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Israel's real friends must criticise it

To defend the new settlement plans along partisan lines is an affront to international justice.

Michael Oren, Israel's ambassador to the United States, was recently quoted in the Yedioth Ahronoth newspaper as saying that the two countries' bilateral relationship is suffering its "worst crisis since 1975. Thirty-five years ago, Israel deployed troops in the Egyptian Sinai. The move -- of dubious legality -- quite rightly drew pressure from the US.

The recent furore, which Oren hyperbolically described as one "of historic proportions", was triggered by the ill-timed announcement that Israel plans to build 1,600 housing units in the Ramat Shlomo district of East Jerusalem. The EU foreign policy chief, Lady Ashton, has condemned the plans in no uncertain terms: "The EU position on settlements is clear. Settlements are illegal, constitute an obstacle to peace and threaten to make a two state-solution impossible."

The start of 2010 has brought a marked escalation of tensions in the region. It was in this heated context that the US vice-president, Joe Biden, announced the welcome resumption of indirect peace talks, to be brokered by the US. But the announcement about settlements (which triggered Palestine's withdrawal from negotiations), coming as it did during Biden's visit, had the character of a direct affront to the Obama administration -- not to mention the long-suffering Palestinians.

According to the Guardian, President Obama has "let it be known that he now demands [that the Israelis] reverse the approval for the construction of Ramat Shlomo, make 'a substantial gesture' towards the Palestinians and declare that the status of Jerusalem is itself up for negotiation".

East Jerusalem was annexed by Israel during the 1967 war. To this day, the international community has refused to recognise the appropriation of the region from Jordan. The Israeli neighbourhoods there (housing almost 200,000 settlers) are in breach of international law, despite the misleading and divisive arguments of commentators such as the Wall Street Journal's Ruth R Wisse.

In a comment piece published today, she wonders: "Why does the White House take issue with the construction of housing for Jewish citizens within the boundaries of their own country?" The answer, Ms Wisse, is that the land in question isn't theirs to build on.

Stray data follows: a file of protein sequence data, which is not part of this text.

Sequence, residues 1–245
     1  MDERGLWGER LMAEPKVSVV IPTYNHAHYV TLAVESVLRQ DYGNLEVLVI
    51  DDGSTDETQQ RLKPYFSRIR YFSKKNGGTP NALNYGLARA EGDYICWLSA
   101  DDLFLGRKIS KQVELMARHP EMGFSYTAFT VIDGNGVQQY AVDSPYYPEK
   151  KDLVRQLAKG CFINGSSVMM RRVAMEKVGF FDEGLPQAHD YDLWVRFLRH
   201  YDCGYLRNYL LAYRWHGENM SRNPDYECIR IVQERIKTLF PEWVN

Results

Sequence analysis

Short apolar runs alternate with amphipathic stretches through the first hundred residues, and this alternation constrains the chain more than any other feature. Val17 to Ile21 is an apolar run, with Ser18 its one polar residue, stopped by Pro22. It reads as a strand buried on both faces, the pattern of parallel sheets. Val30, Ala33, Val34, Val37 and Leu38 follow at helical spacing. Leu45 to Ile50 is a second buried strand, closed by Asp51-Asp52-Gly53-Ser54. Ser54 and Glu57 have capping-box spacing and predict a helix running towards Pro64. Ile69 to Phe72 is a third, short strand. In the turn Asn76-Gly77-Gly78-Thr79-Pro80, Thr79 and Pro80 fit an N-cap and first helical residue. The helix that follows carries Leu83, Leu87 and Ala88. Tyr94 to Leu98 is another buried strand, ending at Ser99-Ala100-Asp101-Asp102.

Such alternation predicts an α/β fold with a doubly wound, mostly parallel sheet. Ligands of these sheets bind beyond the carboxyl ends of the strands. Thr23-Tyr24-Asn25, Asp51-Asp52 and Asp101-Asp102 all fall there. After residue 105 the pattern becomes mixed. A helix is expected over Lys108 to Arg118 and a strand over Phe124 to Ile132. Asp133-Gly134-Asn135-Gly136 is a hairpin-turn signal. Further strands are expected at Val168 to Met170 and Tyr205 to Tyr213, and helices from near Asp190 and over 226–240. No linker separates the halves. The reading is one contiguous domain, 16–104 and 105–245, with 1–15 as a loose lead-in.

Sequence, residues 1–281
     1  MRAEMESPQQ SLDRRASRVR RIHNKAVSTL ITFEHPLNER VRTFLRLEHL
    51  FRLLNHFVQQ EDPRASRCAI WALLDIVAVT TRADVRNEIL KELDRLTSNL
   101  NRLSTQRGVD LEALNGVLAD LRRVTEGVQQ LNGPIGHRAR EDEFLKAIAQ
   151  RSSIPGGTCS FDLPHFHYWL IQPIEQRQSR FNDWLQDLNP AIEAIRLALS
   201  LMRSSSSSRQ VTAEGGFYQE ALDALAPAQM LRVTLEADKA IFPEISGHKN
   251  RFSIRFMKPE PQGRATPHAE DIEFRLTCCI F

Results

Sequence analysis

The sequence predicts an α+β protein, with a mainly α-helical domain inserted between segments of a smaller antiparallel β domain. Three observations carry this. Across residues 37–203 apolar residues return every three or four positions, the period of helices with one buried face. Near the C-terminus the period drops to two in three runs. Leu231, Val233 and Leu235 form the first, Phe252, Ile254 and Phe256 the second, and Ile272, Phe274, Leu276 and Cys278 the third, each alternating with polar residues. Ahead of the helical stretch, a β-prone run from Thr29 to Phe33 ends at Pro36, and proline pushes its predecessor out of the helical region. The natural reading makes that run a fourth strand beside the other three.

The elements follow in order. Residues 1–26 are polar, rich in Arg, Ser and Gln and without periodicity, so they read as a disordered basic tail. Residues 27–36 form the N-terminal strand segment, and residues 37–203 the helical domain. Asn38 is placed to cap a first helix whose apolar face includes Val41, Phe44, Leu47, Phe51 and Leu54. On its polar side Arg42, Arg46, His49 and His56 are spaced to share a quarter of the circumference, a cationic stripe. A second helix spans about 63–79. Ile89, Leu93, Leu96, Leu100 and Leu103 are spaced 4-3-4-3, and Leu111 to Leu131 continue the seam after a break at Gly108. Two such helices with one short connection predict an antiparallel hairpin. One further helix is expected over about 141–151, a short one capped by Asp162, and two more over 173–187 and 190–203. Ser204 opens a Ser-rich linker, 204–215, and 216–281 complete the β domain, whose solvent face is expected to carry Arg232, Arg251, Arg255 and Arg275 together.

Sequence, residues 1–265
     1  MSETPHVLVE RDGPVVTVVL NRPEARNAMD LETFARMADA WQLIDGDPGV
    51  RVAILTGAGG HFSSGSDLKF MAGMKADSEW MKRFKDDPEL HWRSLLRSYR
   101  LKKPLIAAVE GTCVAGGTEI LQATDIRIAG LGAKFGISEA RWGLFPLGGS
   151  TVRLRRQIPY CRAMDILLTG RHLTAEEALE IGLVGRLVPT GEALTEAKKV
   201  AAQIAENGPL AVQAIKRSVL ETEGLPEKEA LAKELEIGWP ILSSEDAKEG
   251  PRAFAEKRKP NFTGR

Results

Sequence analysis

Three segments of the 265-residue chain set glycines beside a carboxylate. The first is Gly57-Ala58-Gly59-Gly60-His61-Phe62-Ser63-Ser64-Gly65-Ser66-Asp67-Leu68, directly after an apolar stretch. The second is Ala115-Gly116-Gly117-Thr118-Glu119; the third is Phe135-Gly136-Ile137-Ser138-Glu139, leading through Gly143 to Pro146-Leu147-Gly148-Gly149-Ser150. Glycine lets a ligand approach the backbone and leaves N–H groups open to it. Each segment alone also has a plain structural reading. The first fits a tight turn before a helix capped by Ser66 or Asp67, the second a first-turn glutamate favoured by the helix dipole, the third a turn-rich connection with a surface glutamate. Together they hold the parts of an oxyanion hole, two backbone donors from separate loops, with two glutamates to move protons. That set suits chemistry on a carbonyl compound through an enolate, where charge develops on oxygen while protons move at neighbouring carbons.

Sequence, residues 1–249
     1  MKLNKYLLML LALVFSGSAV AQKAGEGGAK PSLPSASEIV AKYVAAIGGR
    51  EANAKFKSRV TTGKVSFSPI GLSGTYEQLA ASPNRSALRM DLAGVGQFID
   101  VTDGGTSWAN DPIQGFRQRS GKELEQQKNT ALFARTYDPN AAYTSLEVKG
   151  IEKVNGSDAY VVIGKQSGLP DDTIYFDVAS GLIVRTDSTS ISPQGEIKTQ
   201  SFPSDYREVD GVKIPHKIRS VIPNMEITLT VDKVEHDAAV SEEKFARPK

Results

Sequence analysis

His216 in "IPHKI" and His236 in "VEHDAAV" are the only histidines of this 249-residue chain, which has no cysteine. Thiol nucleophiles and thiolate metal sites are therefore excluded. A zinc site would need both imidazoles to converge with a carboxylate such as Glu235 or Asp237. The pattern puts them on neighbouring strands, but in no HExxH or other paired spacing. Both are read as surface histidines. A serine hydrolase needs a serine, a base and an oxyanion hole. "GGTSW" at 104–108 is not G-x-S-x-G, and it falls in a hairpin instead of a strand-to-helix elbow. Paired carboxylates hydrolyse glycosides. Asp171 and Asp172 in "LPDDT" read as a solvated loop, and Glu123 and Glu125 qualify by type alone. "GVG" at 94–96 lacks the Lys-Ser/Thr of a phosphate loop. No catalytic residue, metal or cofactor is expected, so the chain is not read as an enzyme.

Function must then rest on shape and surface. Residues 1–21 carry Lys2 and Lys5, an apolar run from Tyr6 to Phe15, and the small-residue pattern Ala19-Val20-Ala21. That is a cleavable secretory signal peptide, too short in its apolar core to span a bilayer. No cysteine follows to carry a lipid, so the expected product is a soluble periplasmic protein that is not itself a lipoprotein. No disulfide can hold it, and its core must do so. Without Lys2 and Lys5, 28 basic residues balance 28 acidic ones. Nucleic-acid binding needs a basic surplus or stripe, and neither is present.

Who's "anti-Semitic"?

Netanyahu's conduct is hard to justify, but his brother-in-law Hagai Ben-Artzi's inflammatory attack against Obama -- launched in an interview with Israel Army Radio -- was beyond belief.

"For 20 years, Obama sat with Reverend Jeremiah Wright, who is anti-Semitic, anti-Israeli and anti-Jewish," he said, inferring from this circumstantial detail that the president "dislikes the people of Israel". On Fox News yesterday, Obama responded by reaffirming the "special bond" between Israel and the US: "Friends are going to disagree sometimes."

Obama is unlikely to act decisively against Israel, which remains a vital ally in the Middle East. But true friends of Israel must criticise it when it's wrong.

A few years ago, a study by Steven Zunes of San Francisco University found that the country held the record for ignoring the most UN Security Council resolutions. The creditable UN Watch website complains of "a campaign to demonise and delegitimise Israel in every UN and international forum". But its reasoning is untenable and paranoid: it brands the organisation as the "Ground Zero for today's new anti-Semitism, which is the irrational scapegoating of Israel with the true intended target being Jews".

Judith Butler's 2003 essay "No, It's not anti-Semitic", published in the London Review of Books in response to the former Harvard president Lawrence Summers's alleged conflation of anti-Israel and anti-Semitic arguments, best sums up the case for "a space for dissent for Jews, and non-Jews, who have criticisms of Israel to articulate".

"If we think that to criticise Israeli violence, or to call for economic pressure to be put on the Israeli state to change its policies, is to be 'effectively anti-Semitic'," she wrote, "we will fail to voice our opposition for fear of being named as part of an anti-Semitic enterprise."

International law remains the best set of rules to judge the moral conduct of nations, as Richard Falk and Howard Friel assert in Israel-Palestine on Record. Its selective use defeats its purpose, and opens doors for abuse.

When any country errs, it should be held to account. This is not a religious or racial issue; it's a legal one.

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